...         return "foobar"
...
>>> # Object can be created (against expectations).
... obj = MyImplementation()
>>> # The property getter works as defined.
... obj.myProperty
'foobar'
>>> # The property cannot be set (read-only).
... obj.myProperty = "barfoo"
Traceback (most recent call last):
  File "<stdin>", line 2, in <module>
AttributeError: can't set attribute
>>> # The property cannot be deleted (read-only).
... del obj.myProperty
Traceback (most recent call last):
  File "<stdin>", line 2, in <module>
AttributeError: can't delete attribute
>>> # The property getter code returns a string as defined in MyImplementation.
... type(MyImplementation.myProperty.fget)
<class 'function'>
>>> dis.dis(MyImplementation.myProperty.fget.__code__.co_code)
          0 LOAD_CONST               1 (1)
          2 RETURN_VALUE
>>> # The property setter code however does not exist, although defined in MyInterface.
... type(MyImplementation.myProperty.fset)
<class 'NoneType'>
>>> # Nor does the property deleter code, although defined in MyInterface.
... type(MyImplementation.myProperty.fdel)
<class 'NoneType'>
msg362413 - (view) Author: Raymond Hettinger (rhettinger) * (Python committer) Date: 2020-02-21 16:55
Off-hand, I don't see how this can be easily fixed because the setters and deleters are all part of a single property object.  

When the subclass defines a property without a getter and setter, the inherited abstract property (that does have a getter and setter) is masked.

Right now, ABCMeta only looks at the concrete property.  It would have to be modified to scan the next in MRO for an abstract property and the pick apart its component fget, fset, and fdel.  That would be a significant jump in complexity with only a minimal payoff.
msg362438 - (view) Author: Guido van Rossum (gvanrossum) * (Python committer) Date: 2020-02-21 22:37
I agree with Raymond here. This is a job for a static type checker like mypy. Closing.
msg382810 - (view) Author: Josh Rosenberg (josh.r) * (Python triager) Date: 2020-12-09 22:41
If this is going to be closed as rejected, I think it still needs some improvement to the documentation. Right now, the docs for abstractproperty (deprecated in favor of combining property and abstractmethod) state:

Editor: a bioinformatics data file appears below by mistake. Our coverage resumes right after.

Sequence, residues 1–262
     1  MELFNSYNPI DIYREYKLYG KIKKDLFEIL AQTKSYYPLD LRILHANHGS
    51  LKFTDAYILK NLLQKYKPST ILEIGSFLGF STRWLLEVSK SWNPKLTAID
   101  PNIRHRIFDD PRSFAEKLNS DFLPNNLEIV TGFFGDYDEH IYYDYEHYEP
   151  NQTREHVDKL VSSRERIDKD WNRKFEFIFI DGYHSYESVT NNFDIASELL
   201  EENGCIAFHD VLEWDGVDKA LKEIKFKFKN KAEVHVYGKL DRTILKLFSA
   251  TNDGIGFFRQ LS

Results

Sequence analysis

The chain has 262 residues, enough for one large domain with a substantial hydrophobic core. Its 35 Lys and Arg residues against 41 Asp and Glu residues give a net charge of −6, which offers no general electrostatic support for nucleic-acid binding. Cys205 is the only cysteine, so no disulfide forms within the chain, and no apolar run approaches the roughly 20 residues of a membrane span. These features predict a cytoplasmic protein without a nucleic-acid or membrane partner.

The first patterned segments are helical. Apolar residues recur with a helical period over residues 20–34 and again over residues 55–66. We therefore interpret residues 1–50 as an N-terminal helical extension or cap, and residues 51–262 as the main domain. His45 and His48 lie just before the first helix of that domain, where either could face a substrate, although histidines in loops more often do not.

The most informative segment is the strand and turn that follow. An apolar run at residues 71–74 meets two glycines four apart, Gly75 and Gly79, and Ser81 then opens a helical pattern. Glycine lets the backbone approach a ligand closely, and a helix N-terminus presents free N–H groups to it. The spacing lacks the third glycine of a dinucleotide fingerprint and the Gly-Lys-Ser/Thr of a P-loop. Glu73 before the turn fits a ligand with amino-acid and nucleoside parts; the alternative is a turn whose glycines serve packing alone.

"If only some components are abstract, only those components need to be updated to create a concrete property in a subclass:"

This heavily implies that if *all* components of the property are abstract, they must *all* be updated to create a concrete property on the subclass, when that is not the case (it's documenting a special way of overriding just one component by borrowing the base class, not a normal means of defining a property). If nothing else, mentioning this quirk in the docs seems like it would save confusion (e.g. https://stackoverflow.com/questions/65224767/python-abstract-property-cant-instantiate-abstract-class-with-abstract-me ).
msg382811 - (view) Author: Guido van Rossum (gvanrossum) * (Python committer) Date: 2020-12-09 22:45
Josh, feel free to submit a PR (make sure it mentions this issue).
History
Date User Action Args
2020-12-09 22:45:34gvanrossumsetmessages: + msg382811
2020-12-09 22:41:44josh.rsetstatus: closed -> open

assignee: docs@python
components: + Documentation

title: Abstract property setter/deleter implementation not enforced. -> Abstract property setter/deleter implementation not enforced, but documented as such
nosy: + docs@python, josh.r
versions: + Python 3.8, Python 3.9, Python 3.10
messages: + msg382810
resolution: rejected ->
2020-02-21 22:37:11gvanrossumsetstatus: open -> closed
resolution: rejected
messages: + msg362438

stage: resolved
2020-02-21 16:55:49rhettingersetnosy: + gvanrossum, rhettinger
messages: + msg362413
2020-02-21 10:59:10arn.vollebregt.kpncreate